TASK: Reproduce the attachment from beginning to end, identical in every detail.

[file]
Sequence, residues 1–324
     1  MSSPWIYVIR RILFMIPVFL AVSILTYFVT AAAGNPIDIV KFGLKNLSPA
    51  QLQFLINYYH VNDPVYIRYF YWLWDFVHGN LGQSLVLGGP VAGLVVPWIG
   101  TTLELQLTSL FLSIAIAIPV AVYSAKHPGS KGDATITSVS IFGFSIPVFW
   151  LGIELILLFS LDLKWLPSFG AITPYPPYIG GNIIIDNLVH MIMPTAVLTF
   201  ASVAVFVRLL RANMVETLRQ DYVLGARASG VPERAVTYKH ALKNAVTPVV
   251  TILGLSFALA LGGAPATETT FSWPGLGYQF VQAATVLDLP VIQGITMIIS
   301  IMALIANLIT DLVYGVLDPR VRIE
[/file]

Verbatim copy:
Sequence, residues 1–324
     1  MSSPWIYVIR RILFMIPVFL AVSILTYFVT AAAGNPIDIV KFGLKNLSPA
    51  QLQFLINYYH VNDPVYIRYF YWLWDFVHGN LGQSLVLGGP VAGLVVPWIG
   101  TTLELQLTSL FLSIAIAIPV AVYSAKHPGS KGDATITSVS IFGFSIPVFW
   151  LGIELILLFS LDLKWLPSFG AITPYPPYIG GNIIIDNLVH MIMPTAVLTF
   201  ASVAVFVRLL RANMVETLRQ DYVLGARASG VPERAVTYKH ALKNAVTPVV
   251  TILGLSFALA LGGAPATETT FSWPGLGYQF VQAATVLDLP VIQGITMIIS
   301  IMALIANLIT DLVYGVLDPR VRIE